When a Biochip Lab is not enough: Massively parallel Biochip Labs
Biochip laboratories have been the darlings of augmented health care for half a decade now. Place a pinprick of blood on a credit card sized laboratory, place that laboratory inside a control system no bigger than a shoebox, and the tiny microfluidic channels inside, combined with more traditional circuitry will separate the blood into hundreds of different channels, each testing for a different pathogen or protein signature. In two hours, you have the diagnostic result that previously took two weeks.
Biochip laboratories are a long way from standard equipment in every doctor's office, of course. The technology has left the lab, but only just. Still, there is plenty of room for improvement. After all, what do you do when testing hundreds of samples all at once, is just not enough? Why you increase the throughput!
Without increasing the size, in an attempt to speed up testing of large numbers of chemical reactions for potential drug candidates, scientists at UCLA have developed a new microfluidic biochip capable of performing 1,024 simultaneous tests. Ten times the fluidic channel capacity, no increase in size.
The actual biochip here is of course the size of a postage stamp. All the rest are input tubes, linked to samples. There is the possibility that one day all samples will sit on the chip, but for now, size is not that great an issue, speed is.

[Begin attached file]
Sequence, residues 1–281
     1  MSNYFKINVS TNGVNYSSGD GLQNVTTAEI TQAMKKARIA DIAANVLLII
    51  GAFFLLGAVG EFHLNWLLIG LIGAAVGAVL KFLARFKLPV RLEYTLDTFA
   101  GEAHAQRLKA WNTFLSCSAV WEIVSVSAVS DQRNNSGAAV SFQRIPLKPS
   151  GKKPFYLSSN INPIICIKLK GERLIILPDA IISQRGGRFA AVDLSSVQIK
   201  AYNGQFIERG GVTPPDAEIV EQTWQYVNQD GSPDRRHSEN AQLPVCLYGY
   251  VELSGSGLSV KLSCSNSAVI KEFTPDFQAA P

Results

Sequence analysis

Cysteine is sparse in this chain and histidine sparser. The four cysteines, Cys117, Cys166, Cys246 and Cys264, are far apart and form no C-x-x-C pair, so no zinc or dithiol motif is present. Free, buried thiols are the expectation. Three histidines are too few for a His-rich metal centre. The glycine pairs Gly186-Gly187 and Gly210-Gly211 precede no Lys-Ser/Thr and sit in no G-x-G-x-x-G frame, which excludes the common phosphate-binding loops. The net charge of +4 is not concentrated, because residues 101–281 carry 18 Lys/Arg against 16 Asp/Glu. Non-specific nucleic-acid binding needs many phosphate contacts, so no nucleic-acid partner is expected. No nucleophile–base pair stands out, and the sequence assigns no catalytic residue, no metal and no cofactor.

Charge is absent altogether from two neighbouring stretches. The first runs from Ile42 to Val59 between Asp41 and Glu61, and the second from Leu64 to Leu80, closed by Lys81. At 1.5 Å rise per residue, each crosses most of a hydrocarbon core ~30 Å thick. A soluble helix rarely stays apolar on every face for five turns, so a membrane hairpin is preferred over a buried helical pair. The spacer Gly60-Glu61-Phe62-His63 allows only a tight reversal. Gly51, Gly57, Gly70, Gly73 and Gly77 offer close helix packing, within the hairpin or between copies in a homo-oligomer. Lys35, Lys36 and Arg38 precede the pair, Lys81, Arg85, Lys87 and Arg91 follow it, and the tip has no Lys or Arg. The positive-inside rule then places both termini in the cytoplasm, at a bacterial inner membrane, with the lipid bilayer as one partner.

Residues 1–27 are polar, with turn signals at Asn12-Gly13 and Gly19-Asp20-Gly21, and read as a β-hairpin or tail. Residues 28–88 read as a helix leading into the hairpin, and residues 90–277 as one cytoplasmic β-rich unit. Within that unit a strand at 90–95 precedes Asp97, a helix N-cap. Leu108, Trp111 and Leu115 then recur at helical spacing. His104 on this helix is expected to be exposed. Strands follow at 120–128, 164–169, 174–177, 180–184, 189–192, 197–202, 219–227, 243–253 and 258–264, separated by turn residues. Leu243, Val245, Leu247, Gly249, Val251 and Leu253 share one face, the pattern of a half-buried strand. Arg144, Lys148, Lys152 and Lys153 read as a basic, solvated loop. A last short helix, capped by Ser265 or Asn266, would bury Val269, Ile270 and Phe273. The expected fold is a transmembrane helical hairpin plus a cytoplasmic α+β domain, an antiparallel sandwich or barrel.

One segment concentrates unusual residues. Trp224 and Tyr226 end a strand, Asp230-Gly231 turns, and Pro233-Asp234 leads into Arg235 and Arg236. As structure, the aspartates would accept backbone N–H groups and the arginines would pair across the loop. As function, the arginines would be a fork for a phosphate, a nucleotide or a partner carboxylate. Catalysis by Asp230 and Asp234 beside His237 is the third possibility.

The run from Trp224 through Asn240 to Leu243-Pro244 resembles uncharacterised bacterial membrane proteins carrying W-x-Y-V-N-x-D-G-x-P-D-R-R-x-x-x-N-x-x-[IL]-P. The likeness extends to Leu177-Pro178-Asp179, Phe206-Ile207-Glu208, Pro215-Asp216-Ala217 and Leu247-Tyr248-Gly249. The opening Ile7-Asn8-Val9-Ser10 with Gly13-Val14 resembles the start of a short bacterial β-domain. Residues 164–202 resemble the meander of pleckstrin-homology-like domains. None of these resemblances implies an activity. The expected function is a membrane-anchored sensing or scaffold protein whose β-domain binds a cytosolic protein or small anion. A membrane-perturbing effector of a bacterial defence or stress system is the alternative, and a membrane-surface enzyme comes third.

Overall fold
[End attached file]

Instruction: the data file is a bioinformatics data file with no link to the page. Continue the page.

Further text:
While traditionally only a few chemical reactions could be produced on a chip, the research team pioneered a way to instigate multiple reactions, thus offering a new method to quickly screen which drug molecules may work most effectively with a targeted protein enzyme. In other words, drug testing on an unprecedented scale, and each of the tests took just hours to complete, rather than a full day, the traditional way.
Currently the results are processed by a PC, and then analysed by hand, but the researchers believe they can automate this part of the process as well. The net saving in time, whilst preserving accuracy, is incalculable.
The precious enzyme molecules required for a single en situ click reaction in a traditional lab now can be split into hundreds of duplicates for performing hundreds of reactions in parallel, thus revolutionising the laboratory process, reducing reagent consumption and accelerating the process for identifying potential drug candidates," said study author Hsian-Rong Tseng, a researcher at UCLA's Crump Institute for Molecular Imaging, an associate professor of molecular and medical pharmacology at the David Geffen School of Medicine at UCLA.
Next steps for the team include exploring the use of this microchip technology for other screening reactions in which chemicals and material samples are in limited supply - for example, with a class of protein enzymes called kinases, which play critical roles in the malignant transformation of cancer.